Saturday, January 29, 2011

Perception and Reality

When I started my architecture school I had a lot of trepidation. I was 17 almost 18 years old at that time and had heard my school, although one of the best in India had a reputation for being very bohemian. I led a very sheltered and protected life almost verging on being smothered by my very overbearing mother. I always had my own personality and was very independent but you always are led to believe that your mother knows the best. So on my first day in school, I was pretty nervous and intimidated. I believe that there is safety in numbers so I hung out with a bunch of girls to avoid getting hazed by the second year students. Hazing or “Ragging” as they called in India was a part of the process of being welcomed into professional schools across the country.

My school had a substantial student population from other parts of India so we had two distinct groups, one who was from Mumbai and the rest was from all over the country. I being very talkative and friendly and also being especially talkative when I am nervous went around introducing myself. At that time, across the room I saw a very tall dark guy looking lost and a little out of place. He didn’t look Indian and looked very African. I could sense that he was a little sad, lonely and looked a little lost. I thought I might introduce myself to him. So I walked up to him and said, “Hi I am Sai.” He said, “Hi my name is MM.” So I asked him which part of the world he belonged to and he replied that he was from one of the countries in East Africa. At that moment, two other women walked over and introduced themselves. We asked him a lot of questions and welcomed him to India and to feel free to ask us if he needed anything from us. I had never met a person from Africa before and I was fascinated by his culture. I remember asking him questions about his language, what his name meant etc. I am a xenophile so I was thrilled to meet someone who was from a different culture and nationality.

India is a very racist country and makes no apologies about it. An average Indian is complacent in his or her biases. One could attribute that to centuries of casteism and exclusionary behavior of Hindus. However I think the underlying reason is ignorance and fear based upon perception. I remember one of my classmates telling me after she saw me talking to MM that I should avoid talking to “that African guy as who knows what mischief he might be up to.” Then she said that I might get a reputation as being easy. I remember being livid and completely infuriated about people making assumptions based upon their ignorant perceptions. To date I have not been able to comprehend the fact that how do people develop these “reputations”?

After my fourth year and before beginning my final year architecture, I had gone to New Delhi with a bunch of classmates to conduct research for my final year thesis in the summer vacation. I was at the School of Architecture and Planning’s library in New Delhi when by chance I bumped into MM. He had come to New Delhi straight from his country's capital and didn’t know his classmates were there too. He was very happy to see me as he felt like he “saw family in this strange place.” At that time he told me that he might have to take a break of six months from school as his mother was diagnosed with cancer and he didn’t want to be far from home. I remember feeling terrible for him. He was going to be in Mumbai for a week and then fly back home. I came home to Mumbai and wanted to invite him to my place for dinner as I thought he must be missing his home. I asked my mother if I could invite him home. She asked me if I were inviting him with a group of other people. I said that there was no one around as it was summer vacation and that I wanted to just invite him alone. My mother, being the overprotective and overbearing parent that she was, said that she had no problem if he were coming in a group but didn’t want me to invite a guy just by himself! I told her that I thought she was being ridiculous. Then she said, “When you get married, invite him to your husband’s home.” That was the end of the argument. To date I cannot rationalize my mother’s reasoning! If I wanted to do something that she didn’t approve she would end the argument with “do that at your husband’s home.” I must say that I have married a great guy and have been able to do whatever I please at my "husband’s home”!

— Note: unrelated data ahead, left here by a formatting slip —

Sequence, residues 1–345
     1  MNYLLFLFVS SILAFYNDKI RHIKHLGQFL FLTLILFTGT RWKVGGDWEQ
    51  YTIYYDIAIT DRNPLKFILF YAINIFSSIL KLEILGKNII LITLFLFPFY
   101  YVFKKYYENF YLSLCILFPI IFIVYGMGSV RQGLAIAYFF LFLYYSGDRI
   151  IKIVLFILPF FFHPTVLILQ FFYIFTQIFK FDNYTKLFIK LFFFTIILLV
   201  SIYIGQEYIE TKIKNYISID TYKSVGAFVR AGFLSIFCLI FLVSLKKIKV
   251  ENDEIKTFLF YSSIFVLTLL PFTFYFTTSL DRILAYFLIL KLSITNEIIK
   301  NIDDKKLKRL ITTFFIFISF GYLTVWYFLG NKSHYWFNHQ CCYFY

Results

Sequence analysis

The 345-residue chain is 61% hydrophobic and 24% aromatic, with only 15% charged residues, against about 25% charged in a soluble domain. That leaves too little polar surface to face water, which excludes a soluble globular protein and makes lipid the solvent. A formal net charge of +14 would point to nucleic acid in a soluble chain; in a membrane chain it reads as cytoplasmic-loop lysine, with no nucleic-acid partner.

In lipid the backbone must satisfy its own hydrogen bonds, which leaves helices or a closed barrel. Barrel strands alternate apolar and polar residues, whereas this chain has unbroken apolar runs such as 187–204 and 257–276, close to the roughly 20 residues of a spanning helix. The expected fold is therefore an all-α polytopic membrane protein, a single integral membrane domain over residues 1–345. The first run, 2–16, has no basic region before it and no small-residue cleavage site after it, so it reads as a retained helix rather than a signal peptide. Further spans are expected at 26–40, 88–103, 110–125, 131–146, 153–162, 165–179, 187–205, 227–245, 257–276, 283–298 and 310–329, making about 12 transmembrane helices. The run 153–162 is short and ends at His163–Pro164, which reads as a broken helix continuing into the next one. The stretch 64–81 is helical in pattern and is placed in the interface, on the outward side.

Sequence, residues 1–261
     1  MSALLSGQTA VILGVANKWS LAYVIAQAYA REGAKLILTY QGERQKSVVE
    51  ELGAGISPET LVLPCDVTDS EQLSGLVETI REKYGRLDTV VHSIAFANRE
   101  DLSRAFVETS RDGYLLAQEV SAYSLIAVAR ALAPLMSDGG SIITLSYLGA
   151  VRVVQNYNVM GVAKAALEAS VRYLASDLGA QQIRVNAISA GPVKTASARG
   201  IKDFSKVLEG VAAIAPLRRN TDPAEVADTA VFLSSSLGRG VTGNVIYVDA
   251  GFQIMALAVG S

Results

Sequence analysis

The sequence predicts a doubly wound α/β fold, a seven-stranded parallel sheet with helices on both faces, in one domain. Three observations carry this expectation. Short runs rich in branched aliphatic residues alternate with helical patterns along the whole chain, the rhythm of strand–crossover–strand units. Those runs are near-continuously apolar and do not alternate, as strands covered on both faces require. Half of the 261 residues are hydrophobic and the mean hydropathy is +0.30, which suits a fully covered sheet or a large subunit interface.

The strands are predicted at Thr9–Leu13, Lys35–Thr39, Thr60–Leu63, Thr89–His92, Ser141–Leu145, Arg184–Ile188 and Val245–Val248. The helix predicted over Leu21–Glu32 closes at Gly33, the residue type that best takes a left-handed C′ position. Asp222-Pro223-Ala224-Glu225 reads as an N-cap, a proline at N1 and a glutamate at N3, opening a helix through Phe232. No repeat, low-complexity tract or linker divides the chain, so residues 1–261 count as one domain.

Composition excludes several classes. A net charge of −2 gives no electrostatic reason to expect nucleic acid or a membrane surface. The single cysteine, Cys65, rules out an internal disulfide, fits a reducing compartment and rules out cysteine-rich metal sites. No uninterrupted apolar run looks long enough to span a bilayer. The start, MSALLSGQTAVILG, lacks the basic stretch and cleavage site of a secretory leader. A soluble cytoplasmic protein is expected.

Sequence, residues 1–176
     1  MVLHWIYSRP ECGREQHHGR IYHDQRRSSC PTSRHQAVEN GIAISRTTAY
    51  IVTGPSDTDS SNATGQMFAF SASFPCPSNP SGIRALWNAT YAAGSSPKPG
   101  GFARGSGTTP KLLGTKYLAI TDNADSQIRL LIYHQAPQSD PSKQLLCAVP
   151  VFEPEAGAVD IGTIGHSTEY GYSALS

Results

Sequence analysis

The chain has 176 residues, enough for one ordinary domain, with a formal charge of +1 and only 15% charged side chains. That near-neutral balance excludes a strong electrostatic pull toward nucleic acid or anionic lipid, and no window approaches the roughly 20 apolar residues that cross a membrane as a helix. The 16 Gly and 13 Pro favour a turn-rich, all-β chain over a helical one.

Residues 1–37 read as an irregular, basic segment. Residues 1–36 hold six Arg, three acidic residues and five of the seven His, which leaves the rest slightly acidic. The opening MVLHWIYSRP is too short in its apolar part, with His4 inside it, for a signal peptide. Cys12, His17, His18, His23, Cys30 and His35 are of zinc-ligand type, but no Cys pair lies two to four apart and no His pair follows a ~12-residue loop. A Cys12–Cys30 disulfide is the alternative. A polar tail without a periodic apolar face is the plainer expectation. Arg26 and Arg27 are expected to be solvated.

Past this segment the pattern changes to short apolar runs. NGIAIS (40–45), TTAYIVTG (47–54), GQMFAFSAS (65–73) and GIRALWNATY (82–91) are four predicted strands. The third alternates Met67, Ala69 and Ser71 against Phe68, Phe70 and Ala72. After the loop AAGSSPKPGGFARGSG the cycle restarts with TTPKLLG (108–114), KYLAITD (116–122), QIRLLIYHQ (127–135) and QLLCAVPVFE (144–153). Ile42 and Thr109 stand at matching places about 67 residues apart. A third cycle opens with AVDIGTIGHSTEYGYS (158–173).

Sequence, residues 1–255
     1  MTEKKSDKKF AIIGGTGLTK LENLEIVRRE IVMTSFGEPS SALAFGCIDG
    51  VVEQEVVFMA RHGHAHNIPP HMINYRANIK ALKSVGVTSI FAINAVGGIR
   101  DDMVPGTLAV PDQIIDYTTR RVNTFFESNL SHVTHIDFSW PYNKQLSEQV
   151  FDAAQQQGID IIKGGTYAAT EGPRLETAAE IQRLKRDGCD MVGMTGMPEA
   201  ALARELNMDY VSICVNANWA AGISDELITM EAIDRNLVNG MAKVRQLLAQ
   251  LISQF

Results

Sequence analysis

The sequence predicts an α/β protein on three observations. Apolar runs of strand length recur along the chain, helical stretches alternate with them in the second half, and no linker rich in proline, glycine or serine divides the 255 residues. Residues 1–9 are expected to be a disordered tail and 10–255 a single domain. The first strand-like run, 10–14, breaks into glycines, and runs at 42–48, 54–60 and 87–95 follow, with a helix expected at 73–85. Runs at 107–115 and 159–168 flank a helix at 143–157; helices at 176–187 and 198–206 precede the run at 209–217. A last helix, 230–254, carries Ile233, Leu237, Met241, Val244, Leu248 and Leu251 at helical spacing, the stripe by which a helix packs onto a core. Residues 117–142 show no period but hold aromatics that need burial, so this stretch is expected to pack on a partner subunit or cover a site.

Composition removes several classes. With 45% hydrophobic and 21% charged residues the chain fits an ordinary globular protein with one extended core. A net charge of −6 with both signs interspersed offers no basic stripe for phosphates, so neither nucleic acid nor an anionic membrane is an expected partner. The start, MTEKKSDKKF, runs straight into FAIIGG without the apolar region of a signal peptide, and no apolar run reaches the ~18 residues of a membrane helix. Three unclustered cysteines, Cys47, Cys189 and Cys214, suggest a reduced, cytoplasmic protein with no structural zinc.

MM did come back to school and completed his final year with us. Upon completion of our graduation, MM was leaving India to go to London for a bit. I bumped into him on my way home from school. We were excited about graduating and were talking animatedly outside my school’s campus about our career goals and what we were planning to do. I was oblivious to the fact that people were staring at him and at me as well until some random person commented to me in Marathi, “Have all the Indian men died that a woman of your stature is talking to this African.” He actually used a derogatory word to describe my friend, which made my blood boil. This random comment was from a puny five foot tall man who looked barely literate. I was livid and almost wanted to smack this person across his face. MM was blissfully unaware, as he didn’t understand Marathi, and continued telling me about his future plans. I didn’t want him to know about this hateful comment so I did not show any emotion and continued talking to him. We planned to stay in touch but of course that never happened as life takes over. This was prior to the internet days when you really had to make an effort to stay in touch with people.